MEXICO CITY – The public security strategy deployed by the Mexican capital’s authorities managed on Wednesday to foil the groups of vandals who tried to play havoc during a march to commemorate the 51st anniversary of the 1968 Tlatelolco massacre, in which soldiers slew hundreds of unarmed civilians.
In the middle of the peaceful march held against the backdrop of Mexico City’s beautiful historic center, several hooded people infiltrated the crowd with the intention of disrupting the event by detonating firecrackers and rockets and painting graffiti.
To prevent vandalism and guarantee attendees’ security, the capital’s government deployed a group of 12,000 white-clad volunteers to form a “peace barrier.”
Historic buildings, businesses and government institutions were protected by metal fences and by a human fence of women and men dressed in white. Although the amateur security “guards” were inexperienced and seemed somewhat intimidated, this measure appeared to generally work in containing vandal acts.
During the march, the hooded protesters painted graffiti along the Eje Central avenue and the historic center’s streets, in addition to detonating loud firecrackers.
These explosions scared off some of the peace barrier’s members, who, out of fear of being attacked, broke ranks and took off their easily-identifiable white T-shirts.
The hooded provocateurs spraypainted institutional buildings such as the Postal Service’s headquarters and the Bank of Mexico, in addition to attacking police and members of the “peace barrier” with aerosols, but the damage was limited.
The peace barrier initiative to protect public property from vandals was launched after the last two demonstrations in Mexico City ended with the defacement of countless walls with graffiti and the widespread destruction of street furniture.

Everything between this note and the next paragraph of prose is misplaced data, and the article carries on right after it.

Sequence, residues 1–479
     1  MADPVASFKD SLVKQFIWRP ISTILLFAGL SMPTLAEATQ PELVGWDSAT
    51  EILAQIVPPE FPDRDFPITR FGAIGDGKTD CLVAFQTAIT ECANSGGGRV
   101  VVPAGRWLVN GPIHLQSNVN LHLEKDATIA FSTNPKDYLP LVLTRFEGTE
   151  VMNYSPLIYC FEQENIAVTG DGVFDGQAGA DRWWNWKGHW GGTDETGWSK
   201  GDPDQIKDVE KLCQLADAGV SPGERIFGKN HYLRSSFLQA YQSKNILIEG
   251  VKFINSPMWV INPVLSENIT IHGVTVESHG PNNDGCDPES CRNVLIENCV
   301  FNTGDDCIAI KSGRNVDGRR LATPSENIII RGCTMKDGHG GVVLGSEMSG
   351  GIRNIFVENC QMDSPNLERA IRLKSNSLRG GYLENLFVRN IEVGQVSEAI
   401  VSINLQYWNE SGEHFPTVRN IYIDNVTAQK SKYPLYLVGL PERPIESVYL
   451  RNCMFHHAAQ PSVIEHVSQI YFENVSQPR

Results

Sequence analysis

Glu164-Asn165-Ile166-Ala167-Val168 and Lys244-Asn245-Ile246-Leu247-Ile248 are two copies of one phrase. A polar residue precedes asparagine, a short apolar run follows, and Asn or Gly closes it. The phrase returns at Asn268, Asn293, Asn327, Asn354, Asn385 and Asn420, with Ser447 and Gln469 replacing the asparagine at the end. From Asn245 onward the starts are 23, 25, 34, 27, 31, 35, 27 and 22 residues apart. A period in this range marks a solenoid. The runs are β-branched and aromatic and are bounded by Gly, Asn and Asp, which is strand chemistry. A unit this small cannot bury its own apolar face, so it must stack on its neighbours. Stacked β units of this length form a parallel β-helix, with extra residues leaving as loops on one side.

On Sept. 26, activists commemorated the fifth anniversary of the disappearance of the Ayotzinapa students.
Two days later, a massive march demanding the decriminalization of abortion took place.
Both demonstrations were taken advantage of by hooded self-styled anarchists.
For that reason, the mayor of Mexico City, Claudia Sheinbaum, announced the deployment of the human cordon, an idea that also convinced the president of Mexico, Andres Manuel Lopez Obrador, who said it could be an effective way to prevent damages to public property.
In fact, the president urged protesters to help “avoid troublemakers and not fall into provocations.”
Lopez Obrador warned the hooded men who cause trouble at the demonstrations, telling them to be “be careful” because he would not hesitate to tell their parents and grandparents so that they could reprimand them by pulling their ears.
The Tlatelolco massacre took place on Oct. 2, 1968, a mere 10 days before the start of the Summer Olympics in the Mexican capital, when the government decided to suppress dissent as part of its Dirty War.
Unarmed protesters were shot at by the armed forces at the Square of the Three Cultures in the city’s Tlatelolco neighborhood, leaving an undetermined death toll believed by most historians to be in the hundreds.